Washington is in a post-policy moment. Congress passes little of substance. Few bills make it to a vote, and those that do are intended as messages, symbols, or stunts, rather than policy reforms. The president makes speeches gesturing toward policy reforms, but they largely repackage old ideas. The true subtext of those speeches, meanwhile, has less to do with the policies themselves and more to do with the gridlock and obstructionism that the Obama administration sees as blocking legislative advances. The last presidential campaign was not fought over new ideas and initiatives, but over policies past. A vote for Romney was a vote to undo the big-ticket policy measures of Obama's first term. A vote for Obama was a vote to keep them, and try to make them work.
The stasis has not escaped notice. And a convenient conventional wisdom has developed, blaming Republican party obstructionism for refusing to cooperate with Democrats to get the gears of legislation turning again. GOP obstructionism is not imaginary, but this self-serving narrative misses the point. It is not unreasonable for Republicans to decline to cooperate on an agenda they do not support. And if it seems like they rely heavily on blocking tactics, that is because, as a minority party that controls one half of Congress, they have few other tools at their disposal. Republicans can stand in the way. And so they do.
No, the real problem is that Republicans do not have a policy agenda of their own. They have opposition to the president, and a lingering taste for tax cuts, defense spending, and domestic surveillance. And that's about it.
Democrats have ridiculed Republicans for their limited agenda. "Feel a cold coming on? Take two tax cuts, roll back some regulations, and call me in the morning," President Obama quipped at last year's Democratic convention. But they too are stuck in a rut. Yes, as the party of activist government, there is always something more to be done. But the president's party seems nearly as drained of policy energy as the GOP, resting on recycled ideas and expansions of existing programs.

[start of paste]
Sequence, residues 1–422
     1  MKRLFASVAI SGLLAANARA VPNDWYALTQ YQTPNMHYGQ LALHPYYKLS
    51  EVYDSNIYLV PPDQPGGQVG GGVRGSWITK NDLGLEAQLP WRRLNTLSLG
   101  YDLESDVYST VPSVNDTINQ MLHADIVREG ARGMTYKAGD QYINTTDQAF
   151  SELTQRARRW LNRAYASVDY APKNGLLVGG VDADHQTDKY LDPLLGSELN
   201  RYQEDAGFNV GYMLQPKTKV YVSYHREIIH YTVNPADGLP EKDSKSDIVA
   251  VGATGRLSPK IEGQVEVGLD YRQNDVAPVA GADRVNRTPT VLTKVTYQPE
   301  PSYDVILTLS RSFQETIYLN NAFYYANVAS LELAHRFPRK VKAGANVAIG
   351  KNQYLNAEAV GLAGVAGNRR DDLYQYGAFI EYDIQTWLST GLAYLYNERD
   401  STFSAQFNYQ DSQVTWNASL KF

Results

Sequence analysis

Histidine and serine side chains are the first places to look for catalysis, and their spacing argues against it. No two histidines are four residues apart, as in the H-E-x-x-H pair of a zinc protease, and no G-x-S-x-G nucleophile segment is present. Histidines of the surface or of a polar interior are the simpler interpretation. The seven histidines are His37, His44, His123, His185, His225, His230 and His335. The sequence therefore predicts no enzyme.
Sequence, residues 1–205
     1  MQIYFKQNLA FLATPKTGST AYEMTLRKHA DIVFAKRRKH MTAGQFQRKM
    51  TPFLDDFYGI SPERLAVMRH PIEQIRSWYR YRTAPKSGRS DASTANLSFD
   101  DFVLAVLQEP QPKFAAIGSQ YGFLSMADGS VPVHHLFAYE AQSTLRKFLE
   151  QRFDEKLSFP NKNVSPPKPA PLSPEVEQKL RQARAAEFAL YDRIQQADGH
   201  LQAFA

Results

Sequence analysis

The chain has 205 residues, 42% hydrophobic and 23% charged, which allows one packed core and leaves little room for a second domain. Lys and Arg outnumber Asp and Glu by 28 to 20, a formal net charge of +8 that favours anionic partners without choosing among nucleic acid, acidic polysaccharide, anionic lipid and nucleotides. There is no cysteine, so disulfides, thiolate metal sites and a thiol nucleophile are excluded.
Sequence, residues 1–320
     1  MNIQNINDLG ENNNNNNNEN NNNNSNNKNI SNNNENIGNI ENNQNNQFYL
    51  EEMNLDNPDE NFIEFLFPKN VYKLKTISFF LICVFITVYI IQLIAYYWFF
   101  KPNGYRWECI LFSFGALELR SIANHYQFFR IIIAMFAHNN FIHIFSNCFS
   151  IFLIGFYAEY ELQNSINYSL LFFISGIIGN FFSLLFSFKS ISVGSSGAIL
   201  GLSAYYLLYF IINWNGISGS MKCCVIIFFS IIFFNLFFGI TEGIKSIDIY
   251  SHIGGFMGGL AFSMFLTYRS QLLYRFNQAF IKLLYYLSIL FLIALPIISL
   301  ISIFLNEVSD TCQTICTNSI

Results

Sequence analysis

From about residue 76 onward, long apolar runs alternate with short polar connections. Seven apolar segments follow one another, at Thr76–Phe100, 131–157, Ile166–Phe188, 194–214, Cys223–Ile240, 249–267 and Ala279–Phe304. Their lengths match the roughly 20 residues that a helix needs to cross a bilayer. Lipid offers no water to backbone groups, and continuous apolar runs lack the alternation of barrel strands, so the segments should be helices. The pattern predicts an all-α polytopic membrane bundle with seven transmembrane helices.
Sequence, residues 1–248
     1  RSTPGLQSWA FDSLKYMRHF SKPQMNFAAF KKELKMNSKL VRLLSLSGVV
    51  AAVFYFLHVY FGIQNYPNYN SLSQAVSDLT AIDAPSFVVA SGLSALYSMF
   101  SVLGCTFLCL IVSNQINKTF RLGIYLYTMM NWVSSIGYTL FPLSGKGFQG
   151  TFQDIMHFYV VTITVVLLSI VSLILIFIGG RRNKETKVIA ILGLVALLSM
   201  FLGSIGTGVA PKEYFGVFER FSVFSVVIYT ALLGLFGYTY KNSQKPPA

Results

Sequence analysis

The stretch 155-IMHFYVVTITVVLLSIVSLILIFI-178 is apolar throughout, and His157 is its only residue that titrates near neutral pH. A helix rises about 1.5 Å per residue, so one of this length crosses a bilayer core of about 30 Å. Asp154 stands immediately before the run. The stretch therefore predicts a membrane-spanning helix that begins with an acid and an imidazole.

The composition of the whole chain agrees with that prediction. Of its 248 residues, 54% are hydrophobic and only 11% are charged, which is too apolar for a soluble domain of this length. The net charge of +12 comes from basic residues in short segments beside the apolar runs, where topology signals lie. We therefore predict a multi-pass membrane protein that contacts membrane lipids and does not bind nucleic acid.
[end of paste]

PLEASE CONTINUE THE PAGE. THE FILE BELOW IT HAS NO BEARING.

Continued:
This is what really lies underneath the recent policy stagnation—not obstructionism, but exhausted party agendas with nowhere left to go. The truth is that both parties have largely achieved their long-term policy goals. And neither has a strong sense of what to do now.
Over the past four decades, the GOP has effectively ensured that relatively low marginal tax rates and spectacularly high levels of defense spending are all enshrined in American politics. Sweeping federal surveillance of civilian communications is entrenched in the government. Bush-era military adventurism has survived a Democrat in the White House. Drone strikes in foreign countries continue. We're still at war.
Democrats, meanwhile, have successfully defended and expanded the entitlement state. Near-universal health care, the holy grail of the American left, is at hand, and the administrative state has grown large and unaccountable. The most recent Republican presidential nominee ran against Democratic cuts to Medicare.
Yes, both parties have made sacrifices along the way. And of course, there is still more both parties say they would like to accomplish. But it's more of the same. The parties are like middle-aged couples who find themselves in the jobs they always wanted, the homes they hoped they'd have, or at least pretty close. There are still new projects to run and renovations to complete, taxes to be cut and programs to be expanded, but the task is no longer to build toward something. It's to defend what's already been done.
One key difference between the two parties, however, is that some Republicans have realized that they are spinning their wheels, and are looking for a way to escape. Hence the various factions vying for a new path forward: Libertarian populists, conservative reformers, neocon revivalists, security-state skeptics, other right-leaning entreprenuers all start from a shared assumption that the Republican party's policy ammunition is largely spent. The party needs a new story, a new framework, and new ideas to drive it.
Democrats, on the other hand, have not yet taken stock of their situation. But already Obama's second term resembles a once-promising TV series stretched over far too many seasons. Like so many Republicans in the Bush years, there is widespread belief amongst Democrats that they are ascendant. But much like Republicans during Bush's second term, they are already running out of steam. Hillary Clinton, the party's most likely presidential nominee in 2016, is intimately linked to the two previous Democratic administrations, and will run as a defender of their achievements. Beyond Clinton, the party's bench is weak. It won't be long before Democrats are as exhausted as Republicans are now.
The end of policy is not permanent. For better or for worse, both parties will eventually settle on new directions and new agendas, perhaps modified only slightly from their old ones, perhaps radically changed. But first, both parties will have to figure out what it is they want, and what they stand for. Republicans, having had an earlier start, are beginning this process, however slowly. Democrats have yet to begin.